My neighbor calls. “There is another fire near the homeless shelter again.” My wife and I rush to our outdoor deck to see flames jetting up through the canyon chaparral behind the homeless shelter.
It’s Friday before Thanksgiving, just turning dusk. We see several fire engines on Laguna Canyon Road in front of the homeless shelter. The canyon is closed. I call the mayor, Steve Dicterow. As he picks up, a water dropping helicopter flies directly over our home, going to the fire, an eighth of a mile away. Steve assured us that the fire captain would do all that is possible.
Luckily, there was not a breath of air that night, uncommon for the canyon. The water dropping helicopters and the multitude of Orange County fire departments got the fire out in about four hours with several hot spots to check.
We can no longer have the homeless shelter in the most volatile fire danger area in our city limits. For the safety of the homeless and for the safety of all families in Laguna Beach, we must find a place for the homeless that is less vulnerable to fire and easier to monitor.
Once the shelter is full, the homeless are turned away. They do have other options, but most choose to go into the canyon and make encampments in the dry chaparral area. The brush, the trees, the dry grass is no place for encampments that include open flames, cigarettes and paraphernalia. It is impossible to monitor these hills.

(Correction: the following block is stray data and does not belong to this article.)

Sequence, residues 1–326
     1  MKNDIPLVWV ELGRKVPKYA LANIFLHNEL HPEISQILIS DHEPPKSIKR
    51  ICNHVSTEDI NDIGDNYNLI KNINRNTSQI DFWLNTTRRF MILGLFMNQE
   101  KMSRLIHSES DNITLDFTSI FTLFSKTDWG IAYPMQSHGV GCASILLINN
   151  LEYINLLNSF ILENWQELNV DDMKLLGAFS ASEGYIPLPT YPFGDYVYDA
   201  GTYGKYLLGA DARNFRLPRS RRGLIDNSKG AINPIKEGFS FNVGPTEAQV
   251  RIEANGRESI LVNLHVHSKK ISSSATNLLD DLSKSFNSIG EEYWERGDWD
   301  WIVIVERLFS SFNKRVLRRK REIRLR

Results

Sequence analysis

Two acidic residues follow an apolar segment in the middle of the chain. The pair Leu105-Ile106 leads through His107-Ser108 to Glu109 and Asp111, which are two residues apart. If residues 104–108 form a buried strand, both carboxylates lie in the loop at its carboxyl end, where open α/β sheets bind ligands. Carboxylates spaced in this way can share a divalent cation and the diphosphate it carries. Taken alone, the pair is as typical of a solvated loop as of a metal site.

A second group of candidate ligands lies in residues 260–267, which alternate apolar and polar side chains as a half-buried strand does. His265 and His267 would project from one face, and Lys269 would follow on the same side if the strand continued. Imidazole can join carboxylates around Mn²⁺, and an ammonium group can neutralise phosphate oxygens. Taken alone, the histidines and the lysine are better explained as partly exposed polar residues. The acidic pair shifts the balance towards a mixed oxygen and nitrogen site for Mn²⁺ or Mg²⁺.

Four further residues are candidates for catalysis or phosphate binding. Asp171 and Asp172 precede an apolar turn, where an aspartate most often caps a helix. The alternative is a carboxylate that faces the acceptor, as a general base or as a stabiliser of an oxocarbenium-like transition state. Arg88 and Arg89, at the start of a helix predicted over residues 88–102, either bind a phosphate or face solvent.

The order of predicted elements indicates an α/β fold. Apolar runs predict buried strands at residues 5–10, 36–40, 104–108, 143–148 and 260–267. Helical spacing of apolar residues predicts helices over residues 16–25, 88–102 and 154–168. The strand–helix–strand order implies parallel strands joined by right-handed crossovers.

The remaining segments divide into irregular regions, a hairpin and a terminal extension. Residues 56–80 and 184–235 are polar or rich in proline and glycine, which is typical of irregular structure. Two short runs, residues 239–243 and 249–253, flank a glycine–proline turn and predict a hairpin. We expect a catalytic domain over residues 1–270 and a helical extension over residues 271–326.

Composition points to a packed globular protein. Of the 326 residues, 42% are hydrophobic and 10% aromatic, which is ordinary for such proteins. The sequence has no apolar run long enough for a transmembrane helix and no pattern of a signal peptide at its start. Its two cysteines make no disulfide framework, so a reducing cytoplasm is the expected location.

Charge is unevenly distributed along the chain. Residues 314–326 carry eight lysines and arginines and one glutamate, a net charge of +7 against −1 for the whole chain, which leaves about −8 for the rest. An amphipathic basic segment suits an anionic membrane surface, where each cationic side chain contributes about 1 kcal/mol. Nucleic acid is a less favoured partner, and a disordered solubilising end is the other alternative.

The homeless need to be moved into an area that can be well monitored, for all of our safety. Remember that the last big fire that ravaged through Laguna and destroyed over 300 homes? It started in the canyon. This fire is one of several that have occurred near the homeless shelter.
The next morning, with this current fire still smoldering, we capture images of some homeless leaving the shelters. The woman is smoking and passing a lighter to the man. And there are firemen still on the line extinguishing last night’s near catastrophe.
People of Laguna: smell the smoke before it is too late. Get this eminent threat of fire out of Laguna Canyon. Now. It is not a question of if, it is a question of when. In a lasting drought, a dry, unmoniterable canyon is not the place to shelter homeless, who smoke cigarettes and start fires.
If this occurred a week later when the Santa Ana winds were blowing, it would have been catastrophic for Laguna Beach.
Greg Nichols, Laguna Beach